Former Players, NFL Reach Settlement in Head Injury Lawsuits


posted in on August 30,2013

A settlement has been reached between former NFL players and the National Football League over allegations that the NFL had not disclosed the dangers of multiple and frequent head injuries to players. The proposed settlement, totaling $765 million covers some 4,500 former players suing the league over head injuries. The settlement breaks down to $170,000, on average, per player.

Under the agreement, the NFL will contribute $765 million to provide injury compensation and medical benefits for retired NFL players. The settlement amount will also fund medical and safety research and will cover litigation expenses.

The litigation in the NFL over head injuries starting in August 2011 when seven former football players filed a lawsuit against the NFL claiming that the NFL had not adequately warned players about the consequences of sustaining multiple head injuries during the span of their playing careers. From its inception, the lawsuit grew to include more than 4,500 former NFL players with hundreds of Complaints that the former players gave their bodies up in return for the market value of their services.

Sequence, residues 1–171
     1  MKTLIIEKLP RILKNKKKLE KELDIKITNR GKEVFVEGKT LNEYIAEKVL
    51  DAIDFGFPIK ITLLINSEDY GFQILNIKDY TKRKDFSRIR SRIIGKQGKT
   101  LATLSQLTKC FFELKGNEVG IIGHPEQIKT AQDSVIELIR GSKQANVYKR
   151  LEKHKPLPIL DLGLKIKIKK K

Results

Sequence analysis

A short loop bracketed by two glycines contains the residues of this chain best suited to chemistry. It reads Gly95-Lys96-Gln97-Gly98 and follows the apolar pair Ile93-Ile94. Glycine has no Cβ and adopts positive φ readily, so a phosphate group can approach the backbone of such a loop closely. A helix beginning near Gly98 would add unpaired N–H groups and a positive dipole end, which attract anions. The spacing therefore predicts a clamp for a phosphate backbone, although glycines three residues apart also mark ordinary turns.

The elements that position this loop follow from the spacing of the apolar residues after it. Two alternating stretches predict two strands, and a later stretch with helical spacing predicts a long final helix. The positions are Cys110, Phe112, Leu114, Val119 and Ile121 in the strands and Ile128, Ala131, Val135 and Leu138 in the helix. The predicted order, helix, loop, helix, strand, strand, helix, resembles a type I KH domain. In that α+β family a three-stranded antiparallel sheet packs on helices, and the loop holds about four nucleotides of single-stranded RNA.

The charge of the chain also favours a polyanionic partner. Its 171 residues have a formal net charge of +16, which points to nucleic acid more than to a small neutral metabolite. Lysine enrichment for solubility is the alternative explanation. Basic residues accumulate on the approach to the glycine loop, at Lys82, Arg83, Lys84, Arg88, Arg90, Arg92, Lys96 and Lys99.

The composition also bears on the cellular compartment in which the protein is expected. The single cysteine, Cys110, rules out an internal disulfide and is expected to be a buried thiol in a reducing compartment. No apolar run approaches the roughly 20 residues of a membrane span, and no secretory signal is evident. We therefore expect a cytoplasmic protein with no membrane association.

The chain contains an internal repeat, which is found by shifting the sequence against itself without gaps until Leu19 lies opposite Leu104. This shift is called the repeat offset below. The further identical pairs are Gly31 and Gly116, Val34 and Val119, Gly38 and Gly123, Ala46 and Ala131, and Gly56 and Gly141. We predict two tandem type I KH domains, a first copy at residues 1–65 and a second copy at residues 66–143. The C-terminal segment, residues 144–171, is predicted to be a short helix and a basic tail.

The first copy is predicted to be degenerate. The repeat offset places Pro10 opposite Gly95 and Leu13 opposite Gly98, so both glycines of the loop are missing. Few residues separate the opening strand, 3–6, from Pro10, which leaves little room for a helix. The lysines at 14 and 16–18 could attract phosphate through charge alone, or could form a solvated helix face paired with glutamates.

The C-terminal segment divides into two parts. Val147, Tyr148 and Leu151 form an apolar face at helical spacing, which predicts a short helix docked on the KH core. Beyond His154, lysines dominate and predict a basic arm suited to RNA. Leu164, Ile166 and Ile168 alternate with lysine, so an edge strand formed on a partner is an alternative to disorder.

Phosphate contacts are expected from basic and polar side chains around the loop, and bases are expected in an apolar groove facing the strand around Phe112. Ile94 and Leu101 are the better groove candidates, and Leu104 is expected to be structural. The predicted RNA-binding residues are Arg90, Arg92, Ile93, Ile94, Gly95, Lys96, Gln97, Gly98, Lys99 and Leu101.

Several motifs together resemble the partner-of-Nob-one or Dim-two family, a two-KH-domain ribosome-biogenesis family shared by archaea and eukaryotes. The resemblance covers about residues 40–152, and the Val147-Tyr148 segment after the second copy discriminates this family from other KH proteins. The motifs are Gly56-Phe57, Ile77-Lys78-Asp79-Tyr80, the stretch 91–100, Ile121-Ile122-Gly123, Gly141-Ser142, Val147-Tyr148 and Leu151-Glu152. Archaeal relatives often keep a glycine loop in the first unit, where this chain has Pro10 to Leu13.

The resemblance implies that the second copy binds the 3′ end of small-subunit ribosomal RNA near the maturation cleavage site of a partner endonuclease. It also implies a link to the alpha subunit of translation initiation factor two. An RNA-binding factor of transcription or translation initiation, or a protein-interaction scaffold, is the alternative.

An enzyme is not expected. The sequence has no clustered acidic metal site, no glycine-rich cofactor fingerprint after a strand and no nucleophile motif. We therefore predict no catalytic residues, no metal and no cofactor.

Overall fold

Many of the players who joined in the lawsuits against the NFL claimed that the head trauma they sustained over the course of their football careers caused debilitating effects, including, Alzheimer’s disease, dementia, anxiety, and severe depression. In fact, six of the plaintiffs in the lawsuits actually passed away this year, alone, and according to a review by the Washington Times, at least 59 of the former players have died, causing some of the lawsuits to be filed as wrongful death suits. Interestingly, when examining the cause of death of these players, the Times found that fifteen died from neurodegenerative diseases like Alzheimer’s; eight had heart attacks; four had cancer; and thirteen died from unspecified “long illnesses.” The high death rate from neurodegenerative diseases are of interest especially considering the findings of from the National Institute for Occupational Safety and Health that NFL veterans with five years or more of experience are four times as likely to die of a neurodegenerative disease as the general population.

While the NFL litigation may be coming to an end, pending approval by a federal judge, the struggle over head injuries endures. These lawsuits have brought to the mainstream the importance and significance of head trauma. From the NFL down to midget league football, it is imperative that coaches, players, and loved ones, recognize the risks of head injuries and that equipment be utilized to better protect players from head injuries.

Head injuries, ranging from a concussion, to sustained trauma, can cause severe impairments in individuals. A head injury can cause multiple problems ranging from depression, anxiety, and fatigue, to severe cognitive deficits to the development of Alzheimer’s disease and dementia.


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